Early U.S. research backs this up, as a study in California found that low-paying jobs are linked to an increased COVID-19 risk.

While we don’t know age statistics on Canada’s front-line workers, StatsCan reports that a majority of young working Canadians go into customer service, food, and the sales industries.

Schools making unsafe decisions

Mawani said that many students who are kickstarting their school year in-person do not have full decision-making power for what safety protocol will be followed.

“They have to go by what’s offered, what decisions the provincial government, the school boards, and their individual schools are making,” she said, adding that not all youth have access to adequate technology or workspaces for online learning. “I have certainly heard from youth who are concerned with their safety in those environments.”

Large classroom sizes, overwhelmed teachers, inadequate infrastructure, and a general lack of organization are ongoing issues critics have raised with schools around the country.

Not acknowledging systemic racism

The novel coronavirus affects all people, but young Black, Indigenous, Canadians of colour could have different risk factors than white young people.

Until recently, Canada had no race data on COVID-19 cases. Multiple studies have shown that people of colour, particularly Black people, have been disproportionately affected by the pandemic, with pre-existing barriers accessing to health-care system worsening their outcomes.

Watch: avoiding racism in the virtual health-care system. Story continues below.

“Having data on COVID race may give us some information, but it’s not sufficient,” Mawani said. “What is causing the differences? We generally tend to shy away from actually acknowledging that systemic racism is the really critical issue we need to better understand and respond to.”

Migrant status

Few public messages about young people have included migrant workers; young men have been among the known migrant worker deaths in Canada, including a 31-year-old and a 24-year-old in Ontario.

Young people are considered to be in their “prime working years,” with those under 35 making a sizeable chunk of the temporary foreign workforce.

They may be disenfranchised in other ways, Mawani noted, such as because of their racial identity and/or their migrant status, which further impacts their health outcomes. In the case of Canada-based migrant workers — who have faced several outbreaks, stigma, and widely reported poor living and work conditions — Mawani said they’re usually dealing with a range of challenges in their homelands.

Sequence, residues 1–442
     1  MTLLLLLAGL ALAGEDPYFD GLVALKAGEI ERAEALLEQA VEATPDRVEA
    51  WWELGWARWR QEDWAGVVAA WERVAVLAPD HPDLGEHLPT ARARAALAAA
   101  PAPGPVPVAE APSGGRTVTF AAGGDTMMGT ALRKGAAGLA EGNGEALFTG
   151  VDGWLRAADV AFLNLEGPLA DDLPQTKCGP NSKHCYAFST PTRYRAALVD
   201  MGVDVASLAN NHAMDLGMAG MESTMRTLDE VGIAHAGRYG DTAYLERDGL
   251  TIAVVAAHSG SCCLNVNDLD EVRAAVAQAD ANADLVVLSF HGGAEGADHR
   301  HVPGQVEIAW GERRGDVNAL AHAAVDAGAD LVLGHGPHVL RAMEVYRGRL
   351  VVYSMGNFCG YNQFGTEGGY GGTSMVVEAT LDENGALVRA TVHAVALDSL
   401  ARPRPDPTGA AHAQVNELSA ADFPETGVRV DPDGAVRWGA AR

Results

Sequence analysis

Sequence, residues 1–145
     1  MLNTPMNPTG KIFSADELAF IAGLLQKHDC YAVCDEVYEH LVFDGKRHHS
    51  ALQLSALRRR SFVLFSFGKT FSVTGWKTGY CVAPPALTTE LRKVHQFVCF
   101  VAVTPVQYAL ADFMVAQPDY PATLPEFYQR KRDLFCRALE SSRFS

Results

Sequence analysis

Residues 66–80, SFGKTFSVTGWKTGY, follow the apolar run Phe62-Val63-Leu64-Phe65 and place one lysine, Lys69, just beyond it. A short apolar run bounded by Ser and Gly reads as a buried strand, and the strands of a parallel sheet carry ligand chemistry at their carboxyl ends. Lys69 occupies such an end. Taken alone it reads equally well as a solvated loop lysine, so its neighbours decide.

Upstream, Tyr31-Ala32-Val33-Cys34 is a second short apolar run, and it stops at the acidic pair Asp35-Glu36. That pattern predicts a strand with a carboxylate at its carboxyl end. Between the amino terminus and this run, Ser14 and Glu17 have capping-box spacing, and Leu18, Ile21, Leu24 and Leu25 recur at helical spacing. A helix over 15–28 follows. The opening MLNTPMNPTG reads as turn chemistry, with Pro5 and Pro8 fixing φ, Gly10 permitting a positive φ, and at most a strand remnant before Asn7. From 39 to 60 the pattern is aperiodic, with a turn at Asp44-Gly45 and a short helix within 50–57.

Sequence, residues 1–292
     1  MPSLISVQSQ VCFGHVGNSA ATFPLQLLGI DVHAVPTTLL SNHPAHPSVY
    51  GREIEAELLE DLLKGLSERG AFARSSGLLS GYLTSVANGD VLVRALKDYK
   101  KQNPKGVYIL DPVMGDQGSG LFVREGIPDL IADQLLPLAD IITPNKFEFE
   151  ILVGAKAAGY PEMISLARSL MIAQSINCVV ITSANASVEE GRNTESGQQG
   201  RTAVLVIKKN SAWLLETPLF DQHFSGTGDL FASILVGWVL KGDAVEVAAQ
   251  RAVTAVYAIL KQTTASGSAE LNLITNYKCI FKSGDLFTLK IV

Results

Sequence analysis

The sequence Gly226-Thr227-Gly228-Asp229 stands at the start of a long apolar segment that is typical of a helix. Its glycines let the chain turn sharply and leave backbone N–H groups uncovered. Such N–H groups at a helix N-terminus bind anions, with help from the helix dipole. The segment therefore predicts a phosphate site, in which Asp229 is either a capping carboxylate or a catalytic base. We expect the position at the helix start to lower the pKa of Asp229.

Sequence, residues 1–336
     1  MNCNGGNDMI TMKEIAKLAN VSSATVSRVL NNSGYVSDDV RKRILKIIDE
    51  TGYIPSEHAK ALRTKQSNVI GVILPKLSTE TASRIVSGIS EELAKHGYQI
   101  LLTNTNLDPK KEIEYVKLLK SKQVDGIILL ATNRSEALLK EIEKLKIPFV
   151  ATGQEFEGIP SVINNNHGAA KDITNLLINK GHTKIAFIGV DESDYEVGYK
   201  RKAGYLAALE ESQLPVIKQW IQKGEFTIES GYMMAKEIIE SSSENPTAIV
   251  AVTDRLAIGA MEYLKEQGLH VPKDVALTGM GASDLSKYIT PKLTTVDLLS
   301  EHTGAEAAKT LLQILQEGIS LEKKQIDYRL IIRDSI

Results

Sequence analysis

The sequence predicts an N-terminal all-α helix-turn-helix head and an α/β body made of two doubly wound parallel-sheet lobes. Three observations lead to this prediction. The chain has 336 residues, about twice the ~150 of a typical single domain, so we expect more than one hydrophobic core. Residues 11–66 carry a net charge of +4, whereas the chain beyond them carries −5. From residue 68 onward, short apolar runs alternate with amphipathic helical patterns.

“The reason we have racialized migrant workers in particularly risky employment conditions is because of systemic racism ... we have government policy that puts them at higher risk,” she said. “If your migration status is tied to your employment, and you’re working in an unsafe work environment, the risk of losing your job is also about losing your immigration status.”

How messaging can be more inclusive

If shame doesn’t work, how else can public health messaging curb community spread among young people?

In the Western Gazette’s student newsroom, Tayler has observed that their internal talks have led to coverage that shies away from placing individual blame, in order to better engage with their readers, including those who aren’t aware of COVID-19 risks or actively stay away from other news sources because of stigma.

“They hear something demeaning like, ‘Your child needs to stop doing this.’ That doesn’t really resonate with them,” she said.

Messages that imply socializing is bad can be re-framed as service-oriented, Mawani suggested: How can people meet their social needs safely, for example.

Going cold turkey on socializing because of shame may have adverse mental health effects. As Mawani and other experts have outlined, young adults are in a developmental period of intense transition, with more stressors and responsibilities than they had in childhood or adolescence.

“It’s a time when many life-long mental health issues start,” Mawani said. “So it’s extra important to look at what we can do to support them and make sure they have what they need to maintain their mental well-being.”